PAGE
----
Order of operation for multi-stage post-processing of ensemble wind forecast trajectories
- Department for Statistical Analysis, Machine Learning and Image Analysis, Norwegian Computing Center, P.O. Box 114 Blindern, 0314 Oslo, Norway
Correspondence: Nina Schuhen (firstname.lastname@example.org)
With numerical weather prediction ensembles unable to produce sufficiently calibrated forecasts, statistical post-processing is needed to correct deterministic and probabilistic biases. Over the past decades, a number of methods addressing this issue have been proposed, with ensemble model output statistics (EMOS) and Bayesian model averaging (BMA) among the most popular. They are able to produce skillful deterministic and probabilistic forecasts for a wide range of applications. These methods are usually applied to the newest model run as soon as it has finished, before the entire forecast trajectory is issued. RAFT (rapid adjustment of forecast trajectories), a recently proposed novel approach, aims to improve these forecasts even further, utilizing the error correlation patterns between lead times. As soon as the first forecasts are verified, we start updating the remainder of the trajectory based on the newly gathered error information. As RAFT works particularly well in conjunction with other post-processing methods like EMOS and techniques designed to reconstruct the multivariate dependency structure like ensemble copula coupling (ECC), we look to identify the optimal combination of these methods. In our study, we apply multi-stage post-processing to wind speed forecasts from the UK Met Office's convective-scale MOGREPS-UK ensemble and analyze results for short-range forecasts at a number of sites in the UK and the Republic of Ireland.
Numerical weather prediction (NWP) is an inherently uncertain process, and even with present-day computational resources, ensembles can not produce perfect forecasts (Buizza, 2018). Statistical post-processing methods have been successfully applied to address these deficiencies, aiming to resolve a multitude of issues. Two important properties of probabilistic forecasts are calibration and sharpness (Gneiting et al., 2007). Calibration is the statistical consistency between the forecasts and the observations, and sharpness refers to the amount of predictive uncertainty and thus the extent of information contained in the forecast. Usually, NWP ensembles lack calibration, as they can not consider all sources of atmospheric uncertainty, but they are quite sharp. The main goal of any statistical post-processing process should therefore be to maximize the forecast's sharpness, subject to it being calibrated (Gneiting et al., 2007).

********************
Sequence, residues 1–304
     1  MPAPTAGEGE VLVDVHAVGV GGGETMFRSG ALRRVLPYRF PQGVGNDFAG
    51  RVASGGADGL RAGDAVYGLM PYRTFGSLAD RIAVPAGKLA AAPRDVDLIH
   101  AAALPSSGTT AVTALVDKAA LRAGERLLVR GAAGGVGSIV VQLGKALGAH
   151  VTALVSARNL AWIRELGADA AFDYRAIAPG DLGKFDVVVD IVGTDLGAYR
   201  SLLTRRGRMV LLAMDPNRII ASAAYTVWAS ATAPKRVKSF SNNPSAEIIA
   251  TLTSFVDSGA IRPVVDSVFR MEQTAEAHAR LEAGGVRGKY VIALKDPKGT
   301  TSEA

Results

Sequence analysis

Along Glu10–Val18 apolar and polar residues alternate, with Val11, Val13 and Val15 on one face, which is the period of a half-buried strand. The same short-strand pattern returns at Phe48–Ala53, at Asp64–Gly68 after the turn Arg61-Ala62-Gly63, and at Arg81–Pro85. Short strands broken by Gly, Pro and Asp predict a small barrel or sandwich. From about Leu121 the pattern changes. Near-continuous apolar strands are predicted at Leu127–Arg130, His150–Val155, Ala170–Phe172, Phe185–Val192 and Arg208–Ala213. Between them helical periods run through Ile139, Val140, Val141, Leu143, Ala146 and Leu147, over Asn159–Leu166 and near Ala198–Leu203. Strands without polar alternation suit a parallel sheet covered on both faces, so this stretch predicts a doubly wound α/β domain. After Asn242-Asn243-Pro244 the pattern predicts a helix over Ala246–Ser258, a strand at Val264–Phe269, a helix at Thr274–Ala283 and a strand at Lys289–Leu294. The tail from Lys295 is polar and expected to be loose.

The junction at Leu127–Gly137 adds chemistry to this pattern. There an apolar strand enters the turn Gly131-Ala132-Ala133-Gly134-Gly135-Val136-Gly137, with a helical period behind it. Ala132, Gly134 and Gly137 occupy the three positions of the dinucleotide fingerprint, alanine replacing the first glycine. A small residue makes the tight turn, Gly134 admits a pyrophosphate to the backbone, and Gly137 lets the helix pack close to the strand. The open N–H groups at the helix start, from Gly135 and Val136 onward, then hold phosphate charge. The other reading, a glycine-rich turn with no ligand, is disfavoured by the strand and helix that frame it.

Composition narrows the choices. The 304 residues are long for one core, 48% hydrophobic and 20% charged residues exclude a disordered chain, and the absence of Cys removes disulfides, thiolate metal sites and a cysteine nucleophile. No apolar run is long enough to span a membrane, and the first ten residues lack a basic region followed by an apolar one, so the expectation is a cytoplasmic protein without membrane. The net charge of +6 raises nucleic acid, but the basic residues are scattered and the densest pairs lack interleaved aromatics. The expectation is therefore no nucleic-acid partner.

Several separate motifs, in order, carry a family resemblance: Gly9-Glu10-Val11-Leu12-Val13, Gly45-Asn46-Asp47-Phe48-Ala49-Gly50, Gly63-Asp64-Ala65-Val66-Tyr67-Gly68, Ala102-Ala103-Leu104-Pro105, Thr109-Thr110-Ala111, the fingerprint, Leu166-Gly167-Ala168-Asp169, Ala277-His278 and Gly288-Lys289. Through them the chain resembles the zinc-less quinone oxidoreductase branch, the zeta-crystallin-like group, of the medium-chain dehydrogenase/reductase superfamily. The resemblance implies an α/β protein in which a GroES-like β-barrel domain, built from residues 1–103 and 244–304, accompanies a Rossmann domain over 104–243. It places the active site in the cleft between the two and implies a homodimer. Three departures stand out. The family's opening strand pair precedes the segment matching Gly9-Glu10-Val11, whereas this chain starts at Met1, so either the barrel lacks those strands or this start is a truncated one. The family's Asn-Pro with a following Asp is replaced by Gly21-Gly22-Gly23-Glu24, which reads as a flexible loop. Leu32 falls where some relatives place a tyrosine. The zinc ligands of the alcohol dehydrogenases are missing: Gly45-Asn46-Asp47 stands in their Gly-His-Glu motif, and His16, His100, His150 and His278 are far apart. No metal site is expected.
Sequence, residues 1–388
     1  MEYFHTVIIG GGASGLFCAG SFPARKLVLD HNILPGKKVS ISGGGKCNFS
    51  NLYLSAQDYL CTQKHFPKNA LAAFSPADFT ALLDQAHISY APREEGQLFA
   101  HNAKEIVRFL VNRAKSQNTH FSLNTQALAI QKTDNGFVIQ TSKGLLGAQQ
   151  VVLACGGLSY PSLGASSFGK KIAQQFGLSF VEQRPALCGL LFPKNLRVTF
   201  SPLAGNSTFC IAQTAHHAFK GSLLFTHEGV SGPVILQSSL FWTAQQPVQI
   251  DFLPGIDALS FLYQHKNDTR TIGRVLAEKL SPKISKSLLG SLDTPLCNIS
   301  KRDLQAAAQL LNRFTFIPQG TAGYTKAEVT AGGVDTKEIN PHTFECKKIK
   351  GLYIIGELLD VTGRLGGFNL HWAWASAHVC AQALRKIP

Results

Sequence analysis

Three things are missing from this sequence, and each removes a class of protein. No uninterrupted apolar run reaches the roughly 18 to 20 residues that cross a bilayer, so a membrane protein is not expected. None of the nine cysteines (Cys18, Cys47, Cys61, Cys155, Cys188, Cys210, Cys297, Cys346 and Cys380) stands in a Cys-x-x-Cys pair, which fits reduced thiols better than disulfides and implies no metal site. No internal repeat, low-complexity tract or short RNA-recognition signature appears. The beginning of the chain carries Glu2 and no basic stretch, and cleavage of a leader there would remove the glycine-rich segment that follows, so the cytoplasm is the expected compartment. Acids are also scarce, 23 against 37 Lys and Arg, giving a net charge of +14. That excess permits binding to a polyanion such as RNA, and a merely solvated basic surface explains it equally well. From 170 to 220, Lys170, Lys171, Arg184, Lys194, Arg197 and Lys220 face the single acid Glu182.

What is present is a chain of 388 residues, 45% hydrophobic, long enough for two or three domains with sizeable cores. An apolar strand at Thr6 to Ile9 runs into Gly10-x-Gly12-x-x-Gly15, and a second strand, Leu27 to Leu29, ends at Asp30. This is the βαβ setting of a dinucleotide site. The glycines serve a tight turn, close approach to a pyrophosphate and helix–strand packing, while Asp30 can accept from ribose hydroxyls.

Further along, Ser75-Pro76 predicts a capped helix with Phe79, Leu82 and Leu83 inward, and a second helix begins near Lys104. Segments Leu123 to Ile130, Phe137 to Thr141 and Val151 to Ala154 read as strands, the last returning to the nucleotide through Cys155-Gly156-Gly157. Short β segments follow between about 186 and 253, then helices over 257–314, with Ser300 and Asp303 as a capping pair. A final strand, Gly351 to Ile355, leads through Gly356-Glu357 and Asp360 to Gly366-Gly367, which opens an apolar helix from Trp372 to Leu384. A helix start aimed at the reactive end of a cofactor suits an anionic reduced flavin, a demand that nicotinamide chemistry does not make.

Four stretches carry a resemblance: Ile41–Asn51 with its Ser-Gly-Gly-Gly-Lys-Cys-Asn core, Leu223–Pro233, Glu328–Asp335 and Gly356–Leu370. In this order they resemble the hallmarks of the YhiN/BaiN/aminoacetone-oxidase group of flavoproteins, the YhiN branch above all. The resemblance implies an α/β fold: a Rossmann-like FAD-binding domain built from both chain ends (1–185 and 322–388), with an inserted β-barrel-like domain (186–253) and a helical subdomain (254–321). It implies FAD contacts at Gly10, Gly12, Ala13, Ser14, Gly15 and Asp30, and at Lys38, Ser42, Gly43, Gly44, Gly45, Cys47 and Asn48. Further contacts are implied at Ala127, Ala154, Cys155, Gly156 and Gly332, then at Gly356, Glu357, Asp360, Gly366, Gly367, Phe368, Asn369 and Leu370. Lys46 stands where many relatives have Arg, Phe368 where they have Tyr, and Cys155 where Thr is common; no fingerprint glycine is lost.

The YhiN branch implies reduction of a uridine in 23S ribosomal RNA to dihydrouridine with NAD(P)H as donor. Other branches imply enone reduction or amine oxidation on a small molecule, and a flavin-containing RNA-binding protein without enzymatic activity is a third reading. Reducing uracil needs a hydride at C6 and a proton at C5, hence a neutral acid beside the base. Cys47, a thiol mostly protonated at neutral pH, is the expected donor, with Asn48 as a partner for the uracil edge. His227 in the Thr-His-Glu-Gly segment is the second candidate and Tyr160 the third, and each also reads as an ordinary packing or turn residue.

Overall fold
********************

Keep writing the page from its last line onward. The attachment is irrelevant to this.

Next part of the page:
Well-established techniques like ensemble model output statistics (EMOS; e.g., Gneiting et al., 2005) or Bayesian model averaging (BMA; e.g., Raftery et al., 2005) are now available for a number of weather variables; for an overview, see Wilks (2018). They measure the ensemble's performance over a training period, either consisting of a rolling window of a few weeks or a longer, fixed period of time, and then apply a statistical correction to the newest NWP model run. The updated forecasts are usually in the form of a predictive probability distribution, as close to perfect calibration as possible. As EMOS has been proven to work well for our data set, the MOGREPS-UK ensemble produced by the UK Met Office, and is computationally more efficient, we prefer it over BMA.
During the application of some of the methods mentioned above, any physical, spatial and temporal dependency structure from the NWP model is lost and additional effort is needed to restore these patterns (Schefzik and Möller, 2018). In some cases, parametric models can be developed (e.g., Schuhen et al., 2012; Feldmann et al., 2015); however, if this is not feasible, techniques like ensemble copula coupling (ECC; Schefzik et al., 2013) and the Schaake shuffle (Clark et al., 2004) provide a non-parametric approach based on reordering samples from the calibrated predictive distributions. In this study, we choose ECC over the Schaake shuffle, as it does not require any additional historical data.